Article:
Danes are passionate about their environment and are moving at an accelerated speed towards zero dependence on fossil fuels by 2050. Much of Denmark’s renewable energy requirements will be met through wind, and wind farms are conspicuous on land and sea all over the country.

All through my travels in Denmark and my dealings with the Danes, I have observed one of their traits, and that is if you are honest and sincere with them, they respect you. I too was always candid in my dealings with them, constantly being the “unsubtle diplomat”.

 

 

READ MORE:

https://aliran.com/newsletters/2017-newsletters/courting-elephant-room-1mdb/

After all, honesty is the mark of self-respect in any human being, and only those without this trait try and boost their self-esteem in other, less edifying, ways.

Benedict Lopez was director of the Malaysian Investment Development Authority in Stockholm and economics counsellor at the Malaysian embassy there in 2010-2014. During the course of his work, he covered all five Nordic countries. An eternal optimist, he believes Malaysia can provide its citizens with the same benefits and privileges found in the Nordic countries – not a far-fetched dream but one that he hopes will be realised in his lifetime.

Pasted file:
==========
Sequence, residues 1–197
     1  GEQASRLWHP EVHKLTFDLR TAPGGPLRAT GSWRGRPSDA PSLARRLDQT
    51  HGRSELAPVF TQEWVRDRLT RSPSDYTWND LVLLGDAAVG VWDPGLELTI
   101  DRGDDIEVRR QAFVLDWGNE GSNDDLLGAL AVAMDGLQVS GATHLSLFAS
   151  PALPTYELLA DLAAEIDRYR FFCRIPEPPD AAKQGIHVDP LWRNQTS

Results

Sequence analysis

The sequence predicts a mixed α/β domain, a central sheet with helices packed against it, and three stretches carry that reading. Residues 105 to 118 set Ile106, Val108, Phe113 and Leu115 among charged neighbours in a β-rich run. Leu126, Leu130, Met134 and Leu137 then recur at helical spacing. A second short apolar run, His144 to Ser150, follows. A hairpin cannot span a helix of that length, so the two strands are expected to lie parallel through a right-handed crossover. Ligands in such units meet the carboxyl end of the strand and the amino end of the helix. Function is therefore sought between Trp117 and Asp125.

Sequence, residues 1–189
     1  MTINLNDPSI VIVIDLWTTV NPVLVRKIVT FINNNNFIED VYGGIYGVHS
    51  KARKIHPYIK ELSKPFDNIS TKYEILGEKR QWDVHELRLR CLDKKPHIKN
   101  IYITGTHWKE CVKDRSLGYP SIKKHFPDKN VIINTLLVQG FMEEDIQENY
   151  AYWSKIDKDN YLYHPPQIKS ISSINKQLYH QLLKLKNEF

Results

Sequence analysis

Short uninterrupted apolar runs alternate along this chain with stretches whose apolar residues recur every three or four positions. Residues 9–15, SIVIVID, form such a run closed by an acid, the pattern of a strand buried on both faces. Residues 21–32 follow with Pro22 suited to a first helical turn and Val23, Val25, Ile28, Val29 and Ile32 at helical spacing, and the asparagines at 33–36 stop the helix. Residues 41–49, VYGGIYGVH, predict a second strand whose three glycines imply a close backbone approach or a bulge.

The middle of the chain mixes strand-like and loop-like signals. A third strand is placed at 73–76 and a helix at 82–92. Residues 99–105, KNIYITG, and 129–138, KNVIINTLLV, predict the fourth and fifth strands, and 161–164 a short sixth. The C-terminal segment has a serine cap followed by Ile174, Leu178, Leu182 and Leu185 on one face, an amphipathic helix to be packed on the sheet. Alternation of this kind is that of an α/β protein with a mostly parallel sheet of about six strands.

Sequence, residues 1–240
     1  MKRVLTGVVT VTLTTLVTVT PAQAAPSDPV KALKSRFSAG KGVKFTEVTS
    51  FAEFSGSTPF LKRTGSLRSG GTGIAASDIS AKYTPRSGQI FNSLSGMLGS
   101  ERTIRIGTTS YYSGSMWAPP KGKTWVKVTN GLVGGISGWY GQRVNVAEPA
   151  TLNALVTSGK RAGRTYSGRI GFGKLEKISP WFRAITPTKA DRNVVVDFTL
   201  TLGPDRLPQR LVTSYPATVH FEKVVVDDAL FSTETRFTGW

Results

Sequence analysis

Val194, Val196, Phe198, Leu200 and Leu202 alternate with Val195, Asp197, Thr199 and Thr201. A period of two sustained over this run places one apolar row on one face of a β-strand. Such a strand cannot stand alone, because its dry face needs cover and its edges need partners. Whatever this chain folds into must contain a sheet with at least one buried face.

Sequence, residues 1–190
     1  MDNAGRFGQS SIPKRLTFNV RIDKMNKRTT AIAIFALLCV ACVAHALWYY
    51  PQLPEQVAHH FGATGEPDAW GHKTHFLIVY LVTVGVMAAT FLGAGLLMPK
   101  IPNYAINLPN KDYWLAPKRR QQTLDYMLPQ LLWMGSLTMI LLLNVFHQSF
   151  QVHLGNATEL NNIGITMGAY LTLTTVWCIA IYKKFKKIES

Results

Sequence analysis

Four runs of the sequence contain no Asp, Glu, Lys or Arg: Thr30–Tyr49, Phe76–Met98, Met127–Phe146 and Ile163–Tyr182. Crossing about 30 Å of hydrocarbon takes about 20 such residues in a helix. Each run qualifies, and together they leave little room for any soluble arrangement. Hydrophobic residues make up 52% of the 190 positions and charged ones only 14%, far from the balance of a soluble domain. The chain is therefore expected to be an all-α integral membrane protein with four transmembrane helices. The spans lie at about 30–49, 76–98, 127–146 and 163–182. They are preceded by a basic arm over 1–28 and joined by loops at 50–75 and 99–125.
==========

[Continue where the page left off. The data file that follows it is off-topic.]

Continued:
Lim Kit Siang’s Take on Najib Razak’s So-Called Mother of All Budgets 2018


November 2, 2017

Lim Kit Siang’s Take on Najib Razak’s 2018 BudgetThe So-Called Mother of All Budgets

The Budget is a tool or instrument for presenting a statement about the state of the economy, its prospects, and policy announcements for improving governance. A well-crafted budget statement should be an objective and honest presentation meeting the goal of accountability.

Sadly, the budget he (Najib Razak) presented fails these basic tests. His speech of almost 12,000 words was more akin to a laundry list of giveaways, expenditure allocations both real and imagined, and vague statements about the economic consequences that would result.–Lim Kit Siang

http://www.malaysiakini.com

MP SPEAKS | Prime Minister Najib Razak described Budget 2018 being about “gifts, rewards and incentives.” It is a most mistaken view.